Telling someone what they should inherently requires judging that action. Its a nit-picky difference, and we are pretty much on the same page. Morality is assigning actions good or bad values and than acting based on those values.

What do you not get about this? The basis of morality is REALITY.
Reality doesn't have any concept of right or wrong. A dying sun that wipes out an entire civilization does not feel remorse. The basis of morality is human thought.

It doesn't matter if some people act in a contradictory way. That doesn't mean morality is contradictory, it means that person is!
Since people create morality, morality is only as consistent as its creator.

I'll give you a clue to why you're wrong: Man's means of survival is reason, not force.
In general I would agree, but there are many instances where force is the key to survival and reason is not very helpful. For example, fighting on a wolf sitting on your chest.

But what is the fundamental alternative in the universe? The alternative that gives rise to all other alternatives: Existence vs. non-existence. And only life faces this alternative. That is, life is the fundamental concept that gives rise to 'value' and the ability/need to value. The question, "why should 'life' be my ultimate value" is nonsensical. The concept of 'value' is already built on life or death as the fundamental alternative.The question, "why should 'life' be my ultimate value" is nonsensical. The concept of 'value' is already built on life or death as the fundamental alternative.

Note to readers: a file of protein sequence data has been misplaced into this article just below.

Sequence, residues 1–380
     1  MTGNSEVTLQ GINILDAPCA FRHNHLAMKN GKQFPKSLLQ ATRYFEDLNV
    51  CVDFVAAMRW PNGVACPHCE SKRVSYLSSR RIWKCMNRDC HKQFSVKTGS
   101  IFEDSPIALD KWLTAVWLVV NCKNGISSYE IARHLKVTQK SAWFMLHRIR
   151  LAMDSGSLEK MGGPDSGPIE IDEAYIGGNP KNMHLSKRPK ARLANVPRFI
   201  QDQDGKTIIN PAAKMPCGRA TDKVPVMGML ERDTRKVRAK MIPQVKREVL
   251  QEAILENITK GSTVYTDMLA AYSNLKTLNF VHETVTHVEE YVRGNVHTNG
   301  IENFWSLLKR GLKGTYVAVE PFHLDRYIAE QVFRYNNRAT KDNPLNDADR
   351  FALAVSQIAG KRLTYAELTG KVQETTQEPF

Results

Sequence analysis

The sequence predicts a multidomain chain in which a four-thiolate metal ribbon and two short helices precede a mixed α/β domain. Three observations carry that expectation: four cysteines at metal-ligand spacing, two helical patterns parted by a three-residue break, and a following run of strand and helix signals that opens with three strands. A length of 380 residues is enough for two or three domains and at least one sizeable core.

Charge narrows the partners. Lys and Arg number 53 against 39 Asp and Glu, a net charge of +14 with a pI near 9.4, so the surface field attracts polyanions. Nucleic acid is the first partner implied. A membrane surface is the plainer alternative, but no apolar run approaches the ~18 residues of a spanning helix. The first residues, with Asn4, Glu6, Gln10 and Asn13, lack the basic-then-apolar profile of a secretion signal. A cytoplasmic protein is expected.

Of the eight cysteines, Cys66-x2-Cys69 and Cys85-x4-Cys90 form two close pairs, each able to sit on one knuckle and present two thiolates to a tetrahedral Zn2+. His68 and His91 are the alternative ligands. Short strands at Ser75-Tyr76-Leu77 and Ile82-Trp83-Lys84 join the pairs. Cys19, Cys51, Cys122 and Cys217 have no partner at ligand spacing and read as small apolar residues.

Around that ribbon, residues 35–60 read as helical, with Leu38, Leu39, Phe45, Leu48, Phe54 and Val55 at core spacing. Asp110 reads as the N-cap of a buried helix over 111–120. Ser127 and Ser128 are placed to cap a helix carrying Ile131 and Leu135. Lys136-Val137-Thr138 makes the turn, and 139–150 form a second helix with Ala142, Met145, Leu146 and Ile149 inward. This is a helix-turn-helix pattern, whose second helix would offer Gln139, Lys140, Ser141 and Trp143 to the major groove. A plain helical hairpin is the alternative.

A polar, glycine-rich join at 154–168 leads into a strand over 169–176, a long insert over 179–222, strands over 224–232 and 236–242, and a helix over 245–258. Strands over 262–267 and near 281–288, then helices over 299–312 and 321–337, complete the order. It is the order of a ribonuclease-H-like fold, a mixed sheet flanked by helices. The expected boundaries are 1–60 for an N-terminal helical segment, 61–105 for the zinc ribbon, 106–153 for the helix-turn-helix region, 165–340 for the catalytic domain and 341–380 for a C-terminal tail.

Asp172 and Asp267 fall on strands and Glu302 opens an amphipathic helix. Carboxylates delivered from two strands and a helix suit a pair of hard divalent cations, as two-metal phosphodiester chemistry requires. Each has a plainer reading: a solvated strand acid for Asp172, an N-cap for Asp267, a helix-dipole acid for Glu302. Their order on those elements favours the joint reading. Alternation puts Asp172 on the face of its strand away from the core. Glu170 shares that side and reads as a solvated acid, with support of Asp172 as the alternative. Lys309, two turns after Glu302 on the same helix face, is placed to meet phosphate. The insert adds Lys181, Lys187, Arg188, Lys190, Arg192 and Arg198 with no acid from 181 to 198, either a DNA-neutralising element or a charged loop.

That is not true. All life is evolutionarily programmed into reproducing, not simply surviving. For example, many animals sacrifice themselves are part of their mating process in order to keep the species going. Survival is a common trait in all life, but only as a byproduct of the need to be around to reproduce and sometimes to raise young.

As I said, reading Rand's The Objectivist Ethics will give you a much clearer picture of the argument.
Despite the name, Rand is no more objective that any other moral philosopher. It is simply her opinions on what right or wrong is.
 

rathi

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To state all morals are relative is a self defeating illogical statement. My belief is that God has set the absolute moral standard but gives us the option to chose how we want to live. Ultimately when we die we will be judges, and sometimes in life we are judged. Morality may be "defined" by cultures, I am not ignoring that. However, I am saying one cultures morality is not equal to another, and that what some claim as moral is ultimately immoral.
For the sake of argument, let us assume that bible is in fact 100% correct. Even if you are a biblical literalist, your cannot claim to have absolute morals. Every time your interpret a passage, you are applying your own personal viewpoint to the situation. The fact that there are many different branches of Christianity shows that even with the same book, people reach different conclusions about right and wrong. So even assuming that god created absolute morality, there is no way to actually figure out what that absolute morality is here on earth. Ultimately, all you can do is try and do what you think is best, just like everyone else. That is why morality is relative.